Category Archives: totalitarians

Black Lives Matter is much to be feared

In 1976, in The Totalitarian Temptation, Jean-François Revel

condemned the Western intelligentsia’s faiblesse, which was at the same time dishonest, posturing, stupid, and evil, for Stalinist-style dictatorships.

Dalrymple writes:

One might have thought that with the downfall of the Soviet Union, the totalitarian temptation had been exorcised. This was a superficial view. The temptation balkanised and was repatriated. Totalitarianism had been shown to be inherently absurd, intellectually nugatory, and catastrophic in practice. This was not sufficient to destroy its attractions, a least for those who desire a complete solution to all life’s little problems such as how to live and what to live for. A solution in the mind is worth a thousand disasters.

It takes, he says,

a certain level of education to feel the temptations of totalitarianism: they do not occur to the illiterate but only to the intelligentsia. The latter has increased in size with the expansion of attendance at institutions of tertiary instruction.

We do not yet live, Dalrymple points out,

under a Soviet-type tyranny in which every university thesis, on no matter how arcane a subject, is obliged to quote Lenin. It is still possible, though not at all easy, to live as a scholar in our societies outside the university system.

But

it does not require the tyranny of the complete police state to obtain a high degree of intellectual conformity. Young academics of my acquaintance tell me that they are afraid to speak their minds, not because they would fear for their lives, but fear for their promotion. This is very far from the Millian ideal of freedom of thought and speech.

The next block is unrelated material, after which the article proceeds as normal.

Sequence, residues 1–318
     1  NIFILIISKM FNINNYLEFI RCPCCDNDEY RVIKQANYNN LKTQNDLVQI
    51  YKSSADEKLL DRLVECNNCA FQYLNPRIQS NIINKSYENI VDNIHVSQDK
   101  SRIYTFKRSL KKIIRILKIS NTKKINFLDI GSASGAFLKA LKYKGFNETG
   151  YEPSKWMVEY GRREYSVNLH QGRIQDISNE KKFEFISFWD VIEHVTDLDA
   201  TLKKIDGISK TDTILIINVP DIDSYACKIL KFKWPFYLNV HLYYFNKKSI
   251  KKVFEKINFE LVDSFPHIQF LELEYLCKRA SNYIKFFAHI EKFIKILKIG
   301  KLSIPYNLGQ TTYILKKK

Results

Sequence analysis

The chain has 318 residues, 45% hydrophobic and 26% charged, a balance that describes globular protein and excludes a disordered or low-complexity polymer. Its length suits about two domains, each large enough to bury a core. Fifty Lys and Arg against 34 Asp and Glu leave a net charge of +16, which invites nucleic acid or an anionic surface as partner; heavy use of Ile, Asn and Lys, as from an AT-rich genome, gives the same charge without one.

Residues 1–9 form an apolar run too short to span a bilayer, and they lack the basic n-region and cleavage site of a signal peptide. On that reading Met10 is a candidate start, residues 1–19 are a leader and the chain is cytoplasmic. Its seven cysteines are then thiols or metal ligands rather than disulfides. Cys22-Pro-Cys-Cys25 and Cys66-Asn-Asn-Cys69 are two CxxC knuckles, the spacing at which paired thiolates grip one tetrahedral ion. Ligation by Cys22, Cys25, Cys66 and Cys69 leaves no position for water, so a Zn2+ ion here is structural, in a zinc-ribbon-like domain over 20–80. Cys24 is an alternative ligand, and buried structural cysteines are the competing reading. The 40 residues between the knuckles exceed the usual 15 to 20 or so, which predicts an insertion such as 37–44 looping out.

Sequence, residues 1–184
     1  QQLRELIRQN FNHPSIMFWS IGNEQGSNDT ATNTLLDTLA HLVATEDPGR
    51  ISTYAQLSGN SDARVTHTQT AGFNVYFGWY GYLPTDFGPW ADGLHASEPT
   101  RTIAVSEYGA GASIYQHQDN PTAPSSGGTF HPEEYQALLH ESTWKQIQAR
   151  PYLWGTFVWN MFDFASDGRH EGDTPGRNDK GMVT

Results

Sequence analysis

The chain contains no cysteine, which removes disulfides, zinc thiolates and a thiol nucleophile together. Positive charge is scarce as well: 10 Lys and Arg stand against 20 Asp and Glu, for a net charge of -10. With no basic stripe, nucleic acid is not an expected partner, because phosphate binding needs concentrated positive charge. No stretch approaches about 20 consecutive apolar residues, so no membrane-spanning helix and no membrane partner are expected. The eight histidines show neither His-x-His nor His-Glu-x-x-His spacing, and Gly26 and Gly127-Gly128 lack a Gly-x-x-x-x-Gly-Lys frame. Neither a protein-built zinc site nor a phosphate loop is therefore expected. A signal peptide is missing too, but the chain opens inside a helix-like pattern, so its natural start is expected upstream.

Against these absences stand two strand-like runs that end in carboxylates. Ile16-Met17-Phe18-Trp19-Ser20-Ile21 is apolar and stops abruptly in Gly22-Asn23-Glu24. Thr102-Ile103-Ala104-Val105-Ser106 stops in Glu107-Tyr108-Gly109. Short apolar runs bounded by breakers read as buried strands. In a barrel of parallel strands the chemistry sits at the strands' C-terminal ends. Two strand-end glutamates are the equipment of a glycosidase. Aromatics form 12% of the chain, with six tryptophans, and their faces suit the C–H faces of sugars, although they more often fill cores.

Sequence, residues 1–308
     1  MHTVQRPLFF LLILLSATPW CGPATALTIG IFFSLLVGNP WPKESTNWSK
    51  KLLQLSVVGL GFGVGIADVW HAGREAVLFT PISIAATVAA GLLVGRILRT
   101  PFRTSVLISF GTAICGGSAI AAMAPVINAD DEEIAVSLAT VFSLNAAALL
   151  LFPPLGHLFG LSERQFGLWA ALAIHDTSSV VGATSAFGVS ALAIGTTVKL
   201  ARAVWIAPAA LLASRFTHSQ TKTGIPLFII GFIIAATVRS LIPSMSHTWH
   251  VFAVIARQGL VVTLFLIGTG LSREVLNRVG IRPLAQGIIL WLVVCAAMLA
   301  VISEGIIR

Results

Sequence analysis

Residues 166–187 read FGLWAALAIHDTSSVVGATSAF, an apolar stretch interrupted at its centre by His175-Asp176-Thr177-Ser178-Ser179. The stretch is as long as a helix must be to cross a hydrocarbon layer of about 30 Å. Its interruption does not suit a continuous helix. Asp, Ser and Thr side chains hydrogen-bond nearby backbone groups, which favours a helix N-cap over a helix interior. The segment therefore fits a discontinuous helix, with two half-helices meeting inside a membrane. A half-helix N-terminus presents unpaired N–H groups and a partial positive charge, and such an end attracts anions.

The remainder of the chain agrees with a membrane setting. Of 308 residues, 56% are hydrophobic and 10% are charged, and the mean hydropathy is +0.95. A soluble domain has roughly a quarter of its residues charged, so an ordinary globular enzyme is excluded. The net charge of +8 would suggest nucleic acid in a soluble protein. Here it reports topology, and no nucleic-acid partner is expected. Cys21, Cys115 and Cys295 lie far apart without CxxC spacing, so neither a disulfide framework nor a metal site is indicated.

It is not merely that they must keep their mouths shut and not say what they think;

it is that they must positively subscribe to things that they believe to be bad or false. This is a mark of totalitarianism. They must subscribe to doctrines they believe absurd, for example by describing in job applications their future efforts to promote diversity, so-called. By making the expression of untruth the condition of employment, probity is destroyed in advance. Those who lack it are easier to control.

Increasingly, social movements

do not allow any neutrality with regard to the causes that they promote. Non-adherence is no different from enmity and derogation is evil: if you are not part of the solution you are part of the problem. In vain might you argue that your interest is elsewhere, in the taxonomy of grasshoppers or in the biochemistry of acorns or in the bibliography of Pope: there is one subject that trumps all others, and on it only one opinion is permissible. You must pass a test of loyalty.

Dalrymple says that the success of Black Lives Matter in cowing so large a part of the intelligentsia

is in a way admirable, a model of political organisation, though one much to be feared. By claiming that silence is violence, it has made hand-wringing (to avoid its anathema) the mark, and almost the whole, of virtue. It has successfully reversed King’s goal, such that the colour of a man’s skin is once again more important than the content of his character, and it has made respectable that most Stalino-Maoist of notions, that people should be promoted and rewarded according to their social (in this case, racial) origins. Anyone who disagrees is an enemy of the people, the word people being used in a severely technical sense, to mean the arbiters of the allocation of rewards.